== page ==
Ganja & Hess
GANJA & HESS
Directed and Written by Bill Gunn
Produced by Chiz Schultz
If you’ve been reading my reviews here at The Ferguson Theater or listening to me pontificate over at Better In The Dark then you know full well that one of my particular bugaboos is how African-Americans are so poorly represented in horror movies. Despite its reputation as a ground breaking horror movie that has a black man as the lead character, I can’t get behind the original “Night of The Living Dead” on that basis. Oh, it’s a superior horror movie, I don’t dispute that. But every decision Ben (Duane Jones) makes gets somebody killed. Ironically, he survives the night by doing exactly what another character suggested at the beginning of the movie: he goes into the basement and stays quiet. Earlier on, Ben had rejected that plan and insisted everybody stay upstairs while he nails all the windows and doors shut, keeping every light in the joint burning like its New Year’s Eve. Naturally, every zombie for miles is attracted to the light and noise. You know the rest.
When it comes to blacks in horror movies I always point to “The People Under The Stairs” and “Anaconda” in which not only does the brother (Ice Cube) live to see the end of the movie but a Latina as well (Jennifer Lopez). Those two movies are superior examples of black leading characters in horror movies. I’d also add the two “Blacula” movies, “The Omega Man” “The Beast Must Die” “Sugar Hill” (which is actually more of a superhero movie than horror) “J.D.’s Revenge”and “Candyman”
And then there’s GANJA & HESS. It’s a vampire movie unlike any other vampire movie I’ve ever seen. I’ve heard about this movie for years but it has been notoriously hard to find. Once again I have to bow in respect to Turner Classic Movies and their Friday night “Underground” as they have repeatedly come through in airing long forgotten movies I had given up all hope of seeing. But hey, they aired “The Apple” and for that alone, they had me. They recently showed GANJA & HESS and I’ve watched it three times now. It’ll definitely be one the films I discuss on the next Obscure Movies episode of Better In The Dark.
Duane Jones is starring in this one and I believe that this, along with “Night Of The Living Dead” are the only two starring roles he ever enjoyed. He’s Dr. Hess Green, an archeologist and geologist whose particular field of expertise is the ancient and long dead African civilization of Myrthia. He’s breaking in a new assistant, George (Bill Gunn) who seems to be borderline manic depressive as he’s given to these long rambling stream-of-consciousness conversations that really aren’t conversations as he’s the only one talking. Hess mainly smokes and listens to him in silence. No doubt wondering if he shoulda checked out this cat a little more in depth before hiring him. The camel that breaks the straw back is the night when Hess finds George sitting up in a tree, drinking wine and contemplating suicide.
That same night, George attacks Hess, stabbing him with a bone knife from Myrthia. George kills himself afterwards but Hess amazingly has not died. The bone knife has infected him with the curse of vampirism. But it’s not the type of vampirism we’ve come to know from other movies. Hess can be seen in mirrors. He walks around quite comfortably in daylight and rather than shunning churches and the cross, he keeps crosses in his house, employs a minister as his chauffeur and actively professes his Christian beliefs. But the bloodlust is there and to satisfy it, Hess is forced to steal from blood banks and prey on lower class street people.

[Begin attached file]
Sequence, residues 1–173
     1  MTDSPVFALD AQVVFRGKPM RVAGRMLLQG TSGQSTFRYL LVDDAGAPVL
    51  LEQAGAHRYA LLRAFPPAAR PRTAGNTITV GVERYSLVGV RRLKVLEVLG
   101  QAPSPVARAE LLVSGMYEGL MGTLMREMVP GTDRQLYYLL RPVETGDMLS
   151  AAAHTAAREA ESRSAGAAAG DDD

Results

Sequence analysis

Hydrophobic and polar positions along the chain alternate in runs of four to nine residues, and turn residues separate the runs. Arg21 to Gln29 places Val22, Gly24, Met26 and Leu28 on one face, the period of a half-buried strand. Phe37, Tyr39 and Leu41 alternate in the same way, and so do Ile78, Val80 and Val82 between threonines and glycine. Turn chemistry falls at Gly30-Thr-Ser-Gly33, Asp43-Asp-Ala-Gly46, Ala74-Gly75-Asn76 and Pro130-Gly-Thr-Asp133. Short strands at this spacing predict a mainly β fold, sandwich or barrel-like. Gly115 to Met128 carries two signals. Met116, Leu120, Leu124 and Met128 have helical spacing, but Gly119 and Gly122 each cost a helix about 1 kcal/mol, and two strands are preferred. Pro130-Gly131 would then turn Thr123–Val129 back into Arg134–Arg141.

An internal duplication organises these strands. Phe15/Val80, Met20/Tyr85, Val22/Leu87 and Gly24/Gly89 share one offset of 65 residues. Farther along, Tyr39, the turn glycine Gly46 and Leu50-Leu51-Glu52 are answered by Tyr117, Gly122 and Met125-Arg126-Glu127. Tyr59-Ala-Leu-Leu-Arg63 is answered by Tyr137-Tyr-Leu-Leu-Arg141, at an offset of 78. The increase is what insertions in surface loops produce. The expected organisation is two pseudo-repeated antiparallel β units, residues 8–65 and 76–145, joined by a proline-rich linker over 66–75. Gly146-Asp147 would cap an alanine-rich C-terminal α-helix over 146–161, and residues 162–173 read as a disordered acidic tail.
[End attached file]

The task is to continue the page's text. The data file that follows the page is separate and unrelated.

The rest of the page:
The situation is complicated by the unexpected arrival of George’s wife, Ganja (Marlene Clark) who is broke and demands that Hess produce her husband so that he can give her the money he promised. Instead, Hess offers her George’s accommodations in his palatial mansion. It’s not long after that they begin a sexual relationship that develops into love and marriage. It’s then that Hess decides to turn Ganja into a vampire like himself. And that’s when things really start to get strange…
What sets GANJA & HESS apart from any other vampire movie for me is the clash of African blood rituals and American Christianity depicted. Hess is plagued by visions of a Myrthian queen (Mabel King) but at the same time he is drawn toward Christianity as a means of curing himself or at least of saving his soul. Ganja’s influence drives him in a new directly as she is motivated solely by material possessions. It’s an amusing scene when she first meets Hess and assumes he’s a servant. If and when you see the movie, observe how fast her attitude changes when she realizes that Hess is wealthy. For her, wealth covers a whole lot of multitude of sins. Even murder and vampirism.
But be advised that this is a movie shot on the cheap. There obviously wasn’t much money to spend on this. But that works in the movie’s favor as if has a gritty, realistic feel that adds to the horror, especially during one of the movie’s more powerful scenes where Hess kills and feeds on a whore and her pimp.
Marlene Clark walks off with the acting honors and well she should. By the time she did GANJA & HESS she had already racked up numerous roles in blaxplotation films and TV shows. What I like about her in this one is her naked lust for material wealth that in itself a form of vampirism.
So should you see GANJA & HESS? Now that’s it’s available on DVD I certainly think you should. It is slow moving in spots and almost blatantly surrealistic at times. But it’s a powerful exploration of the vampire that I found engaging and highly interesting and I’m betting you will, too. Enjoy.